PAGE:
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They Promised To Develop A Town. Instead, They Stole Millions. Now, One Is Dead And The Others Are In Legal Trouble.

A few years ago, Front Royal, Virginia was set to plan a new data center and shopping center that would bring jobs to an area devastated 25 years earlier with the closure of a rayon manufacturing plant.
When the plant closed, The Washington Post reported, 1,300 people lost their jobs and 440 acres of Front Royal was left decimated by toxic waste. In 2014, however, the land had been restored and the area appeared ready to relaunch, so to speak.
As the Post reported, Jennifer McDonald “a longtime Front Royal resident who directed the Warren County economic development authority” began working on a deal to bring investments, companies, and retailers to the area. She secured the help of Truc “Curt” Tran, a developer in the Washington, DC., area, who promised to finance the Front Royal project “with $40 million from wealthy immigrant investors and a $140 million federal contract his technology company had secured,” the Post reported. Tran also said he would provide funding to a police training academy in the area, which was to be run by Sheriff Daniel T. McEathron.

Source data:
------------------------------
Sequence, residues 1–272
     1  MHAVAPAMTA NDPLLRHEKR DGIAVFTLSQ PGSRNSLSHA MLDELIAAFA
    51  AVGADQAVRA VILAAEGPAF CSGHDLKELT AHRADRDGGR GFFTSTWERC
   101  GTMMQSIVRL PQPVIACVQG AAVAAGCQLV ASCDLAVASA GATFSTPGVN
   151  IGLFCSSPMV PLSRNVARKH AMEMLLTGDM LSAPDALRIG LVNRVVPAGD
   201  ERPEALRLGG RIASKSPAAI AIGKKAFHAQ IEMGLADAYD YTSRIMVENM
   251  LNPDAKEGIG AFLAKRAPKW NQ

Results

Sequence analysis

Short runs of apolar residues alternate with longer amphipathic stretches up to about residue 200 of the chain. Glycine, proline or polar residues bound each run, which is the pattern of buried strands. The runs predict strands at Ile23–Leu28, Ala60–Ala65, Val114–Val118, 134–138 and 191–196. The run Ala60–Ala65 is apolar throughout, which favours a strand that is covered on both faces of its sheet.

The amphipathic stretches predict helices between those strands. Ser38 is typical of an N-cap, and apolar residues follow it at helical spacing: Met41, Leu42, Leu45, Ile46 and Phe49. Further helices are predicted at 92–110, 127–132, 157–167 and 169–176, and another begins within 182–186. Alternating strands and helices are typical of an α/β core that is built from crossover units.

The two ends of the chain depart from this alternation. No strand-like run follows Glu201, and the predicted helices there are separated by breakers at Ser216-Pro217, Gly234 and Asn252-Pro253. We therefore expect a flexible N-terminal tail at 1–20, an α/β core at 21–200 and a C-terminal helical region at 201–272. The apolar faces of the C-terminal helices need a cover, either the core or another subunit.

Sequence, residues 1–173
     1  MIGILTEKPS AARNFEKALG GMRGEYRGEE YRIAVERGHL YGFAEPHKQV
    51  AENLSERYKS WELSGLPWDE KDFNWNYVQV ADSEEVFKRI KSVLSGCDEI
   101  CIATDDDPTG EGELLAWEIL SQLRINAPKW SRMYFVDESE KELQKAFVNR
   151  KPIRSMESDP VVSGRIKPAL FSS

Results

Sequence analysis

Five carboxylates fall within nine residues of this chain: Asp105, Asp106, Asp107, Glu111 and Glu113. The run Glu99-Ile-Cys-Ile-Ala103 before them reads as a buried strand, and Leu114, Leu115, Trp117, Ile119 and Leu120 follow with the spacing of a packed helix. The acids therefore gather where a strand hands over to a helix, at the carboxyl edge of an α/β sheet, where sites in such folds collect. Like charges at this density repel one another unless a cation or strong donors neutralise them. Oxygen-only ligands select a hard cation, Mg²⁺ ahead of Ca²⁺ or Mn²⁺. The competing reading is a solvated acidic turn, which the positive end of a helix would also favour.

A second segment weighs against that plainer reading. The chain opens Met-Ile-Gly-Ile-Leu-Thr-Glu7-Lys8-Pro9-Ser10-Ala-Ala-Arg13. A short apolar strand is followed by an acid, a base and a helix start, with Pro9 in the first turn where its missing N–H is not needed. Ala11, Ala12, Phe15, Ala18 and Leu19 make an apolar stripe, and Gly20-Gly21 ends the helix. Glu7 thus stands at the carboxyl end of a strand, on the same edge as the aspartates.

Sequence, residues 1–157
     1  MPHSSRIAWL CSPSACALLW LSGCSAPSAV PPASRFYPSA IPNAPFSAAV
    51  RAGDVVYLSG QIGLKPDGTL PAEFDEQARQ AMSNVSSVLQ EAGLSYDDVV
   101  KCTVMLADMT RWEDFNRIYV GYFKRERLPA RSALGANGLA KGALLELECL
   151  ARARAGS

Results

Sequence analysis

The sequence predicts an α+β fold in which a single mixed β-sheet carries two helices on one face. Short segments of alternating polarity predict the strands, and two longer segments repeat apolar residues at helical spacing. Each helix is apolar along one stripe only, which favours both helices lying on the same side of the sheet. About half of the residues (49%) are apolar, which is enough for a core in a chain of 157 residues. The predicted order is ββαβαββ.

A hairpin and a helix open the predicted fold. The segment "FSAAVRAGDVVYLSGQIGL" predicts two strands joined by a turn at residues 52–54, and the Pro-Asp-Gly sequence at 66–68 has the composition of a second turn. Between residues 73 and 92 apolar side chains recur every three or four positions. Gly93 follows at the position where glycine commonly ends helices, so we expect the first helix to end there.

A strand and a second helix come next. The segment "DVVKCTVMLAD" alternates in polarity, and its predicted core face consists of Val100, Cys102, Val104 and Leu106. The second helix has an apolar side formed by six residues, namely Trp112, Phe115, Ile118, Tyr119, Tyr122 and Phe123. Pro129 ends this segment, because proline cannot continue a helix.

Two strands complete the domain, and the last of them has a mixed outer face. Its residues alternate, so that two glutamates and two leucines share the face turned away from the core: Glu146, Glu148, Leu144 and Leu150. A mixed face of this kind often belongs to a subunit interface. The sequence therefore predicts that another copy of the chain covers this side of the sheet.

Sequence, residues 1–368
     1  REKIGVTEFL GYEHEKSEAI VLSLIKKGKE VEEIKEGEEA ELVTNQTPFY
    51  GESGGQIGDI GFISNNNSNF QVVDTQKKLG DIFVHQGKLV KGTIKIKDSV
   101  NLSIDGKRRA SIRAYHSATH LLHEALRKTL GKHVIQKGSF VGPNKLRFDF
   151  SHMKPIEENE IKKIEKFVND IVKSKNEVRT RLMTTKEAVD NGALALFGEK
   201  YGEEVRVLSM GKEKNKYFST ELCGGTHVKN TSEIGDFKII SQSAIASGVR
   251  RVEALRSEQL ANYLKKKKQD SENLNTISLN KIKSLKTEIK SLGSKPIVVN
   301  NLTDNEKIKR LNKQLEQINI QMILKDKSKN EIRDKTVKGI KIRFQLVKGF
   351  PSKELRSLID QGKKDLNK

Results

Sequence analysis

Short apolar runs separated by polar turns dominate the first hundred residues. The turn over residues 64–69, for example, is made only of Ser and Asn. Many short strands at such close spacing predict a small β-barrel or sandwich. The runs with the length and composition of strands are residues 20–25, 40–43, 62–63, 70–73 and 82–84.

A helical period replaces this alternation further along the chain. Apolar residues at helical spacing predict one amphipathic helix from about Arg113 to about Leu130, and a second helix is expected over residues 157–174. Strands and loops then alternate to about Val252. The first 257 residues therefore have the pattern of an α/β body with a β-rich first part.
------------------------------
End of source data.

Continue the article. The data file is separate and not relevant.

A civil lawsuit filed in Warren County Circuit Court, reviewed by the Post, now says Tran’s promise was bogus From the Post:
Tran never had the money to build the data center project on the 30 acres his company bought from McDonald’s agency for $1, a civil lawsuit alleges. And the training academy was one of several hoaxes that, prosecutors and civil lawsuits claim, allowed Tran, McDonald, McEathron and others to siphon away millions in public funds, which they allegedly used to buy properties, pay bills and gambling debts, and enrich relatives and friends.
The scam began unraveling in 2016, when people started looking into Tran’s business and found that it wasn’t even allowed to solicit investments. The supposed $140 million government contract also didn’t appear to exist.
In early 2017, the Post reported, Tran emailed McDonald to say questions about his company meant “our ability to raise capital within the EB-5 investor community is now in jeopardy.”
Front Royal’s Town Council approved $1.7 million for infrastructure improvements for the proposed site. McDonald used $1.5 million to pay Tran without notifying her development board.
In 2018, it was discovered that McDonald’s board had overbilled the town nearly $300,000, which she calmly claimed was a mistake. An independent review began, which discovered “a dizzying array of phony invoices, phantom projects, secret land deals and bank wire transfers to entities controlled by McDonald or her friends” the Post reported.
McDonald has now been charged with “28 state counts of embezzlement, money laundering and obtaining money through false pretenses,” the Post reported, adding that she has denied the allegations.
McEathron wasn’t charged but also used money purposed for the Front Royal development to buy a home that he rented to his son and daughter-in law. Fearful after what he had done, he retired earlier. Then he testified before a grand jury and was arrested before Memorial Day Weekend. The Tuesday after, McEathron killed himself. Tran, meanwhile, is being sued by McDonald’s former board and is being investigated by state and federal authorities.

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